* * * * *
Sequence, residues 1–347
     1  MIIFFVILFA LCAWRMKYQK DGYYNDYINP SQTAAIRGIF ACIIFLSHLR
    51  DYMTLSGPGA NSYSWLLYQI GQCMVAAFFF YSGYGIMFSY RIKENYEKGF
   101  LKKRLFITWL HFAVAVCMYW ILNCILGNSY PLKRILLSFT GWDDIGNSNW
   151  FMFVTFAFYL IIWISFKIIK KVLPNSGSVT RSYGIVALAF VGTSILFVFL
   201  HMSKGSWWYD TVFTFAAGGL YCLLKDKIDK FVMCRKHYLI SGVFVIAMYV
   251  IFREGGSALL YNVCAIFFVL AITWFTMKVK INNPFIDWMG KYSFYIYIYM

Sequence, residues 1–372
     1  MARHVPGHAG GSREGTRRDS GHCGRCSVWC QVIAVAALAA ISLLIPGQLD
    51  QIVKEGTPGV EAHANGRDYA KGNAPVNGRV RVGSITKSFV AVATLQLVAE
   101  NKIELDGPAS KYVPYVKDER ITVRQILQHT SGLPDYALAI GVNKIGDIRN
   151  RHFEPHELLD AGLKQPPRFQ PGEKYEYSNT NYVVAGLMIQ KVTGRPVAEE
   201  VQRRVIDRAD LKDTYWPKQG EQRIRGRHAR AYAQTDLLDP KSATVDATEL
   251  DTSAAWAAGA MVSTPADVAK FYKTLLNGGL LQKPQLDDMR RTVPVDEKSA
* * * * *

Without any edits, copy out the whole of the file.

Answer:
Sequence, residues 1–347
     1  MIIFFVILFA LCAWRMKYQK DGYYNDYINP SQTAAIRGIF ACIIFLSHLR
    51  DYMTLSGPGA NSYSWLLYQI GQCMVAAFFF YSGYGIMFSY RIKENYEKGF
   101  LKKRLFITWL HFAVAVCMYW ILNCILGNSY PLKRILLSFT GWDDIGNSNW
   151  FMFVTFAFYL IIWISFKIIK KVLPNSGSVT RSYGIVALAF VGTSILFVFL
   201  HMSKGSWWYD TVFTFAAGGL YCLLKDKIDK FVMCRKHYLI SGVFVIAMYV
   251  IFREGGSALL YNVCAIFFVL AITWFTMKVK INNPFIDWMG KYSFYIYIYM

Sequence, residues 1–372
     1  MARHVPGHAG GSREGTRRDS GHCGRCSVWC QVIAVAALAA ISLLIPGQLD
    51  QIVKEGTPGV EAHANGRDYA KGNAPVNGRV RVGSITKSFV AVATLQLVAE
   101  NKIELDGPAS KYVPYVKDER ITVRQILQHT SGLPDYALAI GVNKIGDIRN
   151  RHFEPHELLD AGLKQPPRFQ PGEKYEYSNT NYVVAGLMIQ KVTGRPVAEE
   201  VQRRVIDRAD LKDTYWPKQG EQRIRGRHAR AYAQTDLLDP KSATVDATEL
   251  DTSAAWAAGA MVSTPADVAK FYKTLLNGGL LQKPQLDDMR RTVPVDEKSA